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Last Sunday there was the Lausanne Marathon. Despite the fact that I had only been running four times in the four weeks leading up to the event, I decided to participate. After all, I’ll only be here for a here so this was going to be my one and only chance to have the road to Vevey blocked for traffic, just for me to run on.

As (i) I wasn’t sure if I’d be in decent shape but (ii) I was still confident enough that with a decent basic level of fitness and enough experience, I decided to join the pacemaker for 4h00. “Unfortunately”, this was one of the worst pacemakers I’ve ever seen in the sense that up to (at least) kilometer 7 we were 10-20 seconds to fast on every kilometer. So eventually, as the pacemaker for 3h45 was still in sight in front of us at kilometer 8, I decided to go for a little intermediate “sprint” to catch the group in front.

This turned out to be the right decision to make.

I’ve never encountered a better pacemaker! He was an entertainer, a tourist guide and a mentor. He’d point out tourist sights along the way. He’d provide a cheerful mood (and have the whole group greet his wife as we passed). He’d help you to run up every single hill by reminding you to take small steps and then reminding you again to loosen up your arms and shoulders while running down. He’d try to keep your mind of the “suffering” and “pain” by making you appreciate the sky, the nice weather, whatever really. Especially after about 3 hours I was very glad to be in such excellent company.

I guess most people care mostly about numbers when reading reports about sports events. So here are some stats.

My pulse was at about 155 during the first hour, at about 165 during the second our, at about 175 during the third hour and about about 185 for most of the forth hour. At the end I did a small sprint and it went up to 195. My maximum heart rate (measured last year) is about 205 and my anaerobic threshold is at about 185.

I finished the race in just under 3h43. See rank 528 here. Some finisher fotos you can find here.

This was actually the fastest marathon I’ve ever done, but this is mostly because I never cared to race during the last marathons I did (when I was actually in better shape), as those were simply preparatory runs.

It was also not the marathon I enjoyed the most, as especially the last 10 km or so were generally not really enjoyable and I wasn’t even relaxed enough to wave and smile at people. At least I still had enough energy to later go for a long walk in Morges with Katja and to dance a bit of salsa (… though only at EPFL so Katja could show some things to Sarah).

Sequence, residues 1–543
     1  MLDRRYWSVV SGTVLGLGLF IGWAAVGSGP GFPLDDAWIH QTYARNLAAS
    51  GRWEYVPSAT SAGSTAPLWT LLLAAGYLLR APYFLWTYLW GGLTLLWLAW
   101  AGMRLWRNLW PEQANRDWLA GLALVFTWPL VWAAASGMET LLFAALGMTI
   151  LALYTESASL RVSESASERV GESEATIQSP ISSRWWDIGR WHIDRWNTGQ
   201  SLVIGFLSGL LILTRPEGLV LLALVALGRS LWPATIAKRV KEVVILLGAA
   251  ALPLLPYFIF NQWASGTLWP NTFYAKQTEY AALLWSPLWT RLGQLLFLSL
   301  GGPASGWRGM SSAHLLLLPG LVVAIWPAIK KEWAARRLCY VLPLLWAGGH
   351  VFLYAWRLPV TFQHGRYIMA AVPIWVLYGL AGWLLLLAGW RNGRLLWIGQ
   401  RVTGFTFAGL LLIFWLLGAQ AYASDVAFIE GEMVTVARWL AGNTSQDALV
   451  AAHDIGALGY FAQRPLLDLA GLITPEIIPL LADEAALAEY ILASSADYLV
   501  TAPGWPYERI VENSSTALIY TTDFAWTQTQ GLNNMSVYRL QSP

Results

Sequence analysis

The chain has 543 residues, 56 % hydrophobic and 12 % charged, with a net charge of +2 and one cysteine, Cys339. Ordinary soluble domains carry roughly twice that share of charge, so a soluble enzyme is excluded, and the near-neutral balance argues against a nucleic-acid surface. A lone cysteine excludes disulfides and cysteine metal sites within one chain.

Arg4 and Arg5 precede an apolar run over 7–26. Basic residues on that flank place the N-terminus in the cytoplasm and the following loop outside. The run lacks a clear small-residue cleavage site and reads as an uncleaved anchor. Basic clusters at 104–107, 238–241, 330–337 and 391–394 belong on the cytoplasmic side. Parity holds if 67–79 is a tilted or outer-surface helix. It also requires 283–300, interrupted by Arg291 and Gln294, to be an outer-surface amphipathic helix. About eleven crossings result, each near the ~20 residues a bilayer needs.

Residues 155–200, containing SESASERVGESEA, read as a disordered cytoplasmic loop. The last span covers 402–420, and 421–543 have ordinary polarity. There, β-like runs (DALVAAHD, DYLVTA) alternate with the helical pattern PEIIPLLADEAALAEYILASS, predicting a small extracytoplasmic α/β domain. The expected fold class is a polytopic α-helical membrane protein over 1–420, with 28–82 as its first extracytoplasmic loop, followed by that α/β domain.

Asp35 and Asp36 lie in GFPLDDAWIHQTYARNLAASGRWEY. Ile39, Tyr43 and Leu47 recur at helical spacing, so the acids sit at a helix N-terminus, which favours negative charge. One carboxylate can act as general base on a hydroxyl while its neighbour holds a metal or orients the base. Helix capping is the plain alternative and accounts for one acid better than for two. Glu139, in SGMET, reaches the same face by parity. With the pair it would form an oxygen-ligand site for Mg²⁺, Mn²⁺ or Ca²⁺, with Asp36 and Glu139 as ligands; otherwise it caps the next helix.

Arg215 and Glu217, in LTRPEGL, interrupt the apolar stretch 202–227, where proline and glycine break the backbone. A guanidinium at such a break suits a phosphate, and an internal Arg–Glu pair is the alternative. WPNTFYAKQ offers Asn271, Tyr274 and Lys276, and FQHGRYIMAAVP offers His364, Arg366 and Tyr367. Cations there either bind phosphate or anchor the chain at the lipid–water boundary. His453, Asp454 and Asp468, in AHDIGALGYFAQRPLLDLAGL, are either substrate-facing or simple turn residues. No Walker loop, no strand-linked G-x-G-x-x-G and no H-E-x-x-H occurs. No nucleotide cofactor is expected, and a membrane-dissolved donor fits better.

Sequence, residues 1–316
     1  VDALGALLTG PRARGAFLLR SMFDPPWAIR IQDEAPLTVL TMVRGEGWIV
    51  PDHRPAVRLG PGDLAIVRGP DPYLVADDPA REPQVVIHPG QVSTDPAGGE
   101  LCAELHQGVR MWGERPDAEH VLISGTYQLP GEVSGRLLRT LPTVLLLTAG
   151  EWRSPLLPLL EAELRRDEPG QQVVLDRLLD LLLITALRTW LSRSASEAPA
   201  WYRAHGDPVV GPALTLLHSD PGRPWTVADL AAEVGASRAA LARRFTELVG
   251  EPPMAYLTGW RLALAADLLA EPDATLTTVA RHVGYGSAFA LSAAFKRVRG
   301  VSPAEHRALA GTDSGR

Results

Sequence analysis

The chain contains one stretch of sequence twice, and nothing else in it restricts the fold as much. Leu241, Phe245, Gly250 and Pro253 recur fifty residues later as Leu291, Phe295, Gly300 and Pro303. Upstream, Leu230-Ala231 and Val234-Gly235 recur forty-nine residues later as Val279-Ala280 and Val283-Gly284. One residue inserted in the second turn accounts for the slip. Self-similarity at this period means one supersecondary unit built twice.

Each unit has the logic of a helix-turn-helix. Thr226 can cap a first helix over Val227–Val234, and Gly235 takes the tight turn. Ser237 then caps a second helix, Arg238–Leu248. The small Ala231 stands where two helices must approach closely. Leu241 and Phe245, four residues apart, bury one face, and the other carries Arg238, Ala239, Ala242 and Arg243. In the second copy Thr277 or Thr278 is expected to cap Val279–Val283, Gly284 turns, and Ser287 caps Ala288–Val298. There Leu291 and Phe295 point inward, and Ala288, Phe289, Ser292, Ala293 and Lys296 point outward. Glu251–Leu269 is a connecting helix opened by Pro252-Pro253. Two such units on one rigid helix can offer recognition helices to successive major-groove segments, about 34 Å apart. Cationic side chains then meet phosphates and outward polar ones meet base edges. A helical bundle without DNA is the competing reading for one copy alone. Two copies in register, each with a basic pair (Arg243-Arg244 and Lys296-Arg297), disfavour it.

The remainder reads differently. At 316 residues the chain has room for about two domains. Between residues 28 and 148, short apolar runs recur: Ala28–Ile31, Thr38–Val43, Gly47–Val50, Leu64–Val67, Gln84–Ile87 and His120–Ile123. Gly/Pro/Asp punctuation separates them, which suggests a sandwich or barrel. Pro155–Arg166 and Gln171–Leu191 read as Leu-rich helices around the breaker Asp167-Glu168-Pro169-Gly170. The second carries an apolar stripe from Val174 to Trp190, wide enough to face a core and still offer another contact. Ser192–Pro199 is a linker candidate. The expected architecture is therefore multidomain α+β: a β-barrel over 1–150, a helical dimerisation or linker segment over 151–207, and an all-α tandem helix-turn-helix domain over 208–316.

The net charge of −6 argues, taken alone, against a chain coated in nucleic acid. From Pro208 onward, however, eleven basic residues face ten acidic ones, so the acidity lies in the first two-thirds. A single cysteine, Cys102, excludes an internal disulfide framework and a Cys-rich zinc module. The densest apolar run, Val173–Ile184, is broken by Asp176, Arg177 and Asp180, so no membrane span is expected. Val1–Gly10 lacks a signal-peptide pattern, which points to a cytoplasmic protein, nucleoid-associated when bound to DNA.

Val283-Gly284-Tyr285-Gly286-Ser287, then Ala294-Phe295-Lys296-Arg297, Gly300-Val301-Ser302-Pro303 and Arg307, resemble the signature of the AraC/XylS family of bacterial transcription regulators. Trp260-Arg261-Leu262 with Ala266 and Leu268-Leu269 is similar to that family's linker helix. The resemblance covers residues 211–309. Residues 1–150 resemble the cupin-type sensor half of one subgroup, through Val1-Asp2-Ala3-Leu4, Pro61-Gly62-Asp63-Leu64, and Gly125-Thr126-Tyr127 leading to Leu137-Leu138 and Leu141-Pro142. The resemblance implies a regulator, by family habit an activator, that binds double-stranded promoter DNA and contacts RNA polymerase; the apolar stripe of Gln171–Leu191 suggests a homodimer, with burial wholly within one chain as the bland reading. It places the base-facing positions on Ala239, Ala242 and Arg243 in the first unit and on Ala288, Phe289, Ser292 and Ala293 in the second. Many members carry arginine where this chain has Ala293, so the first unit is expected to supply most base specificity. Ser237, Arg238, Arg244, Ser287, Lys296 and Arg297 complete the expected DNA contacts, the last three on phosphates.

The most attention I got from the crowd (and from fellow runners) was from Chinese people … as I was wearing logos of the Team Tibet on the back and the front.

Not sure what I should aim for in the next marathon. Either a better time (I guess, 3h30 would be possible with a reasonable amount of preparation), a new costume (ideally even in a costume-only marathon), helping someone else (I’m still looking for a blind running partner …), or maybe as a pacemaker for 4h00 or 4h15 myself.

Oh well, but first La Marmite as part of the Course de L’Escalade in Geneva. I already know which costume to run in …

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I’m glad. Hooray. I found a suitable costume for the Saarbrücken Marathon  (http://www.saarbruecken-marathon.com/)   🙂

Why would anyone want to run a marathon in a costume? Hmm, well, there are lots of good reasons. First, I’m not aiming for a great time anyways, as it’s just a long practice run in my triathlon preparation. Second, it makes people smile and laugh. And, third, I’ve never done it before  😉

So, if you have time this Sunday, you can see me chasing the money. I’ll be wearing a shirt and a tie and possibly a pair of decent trousers, but cut short. Most importantly I’ll be wearing a cycling helmet with a rod sticking out to the front. And from the end of this rod there’ll be dangling some (toy) money. No, not a carrot. Now I just have to find some pretty light rod for the helmet … and hope that none of my skeptical friends can talk me out of it  🙂

In as sense it’s trading a bit of comfortable cloths for motivation boosts from cheers and laughters.
Hopefully, that will be a trade worth making.

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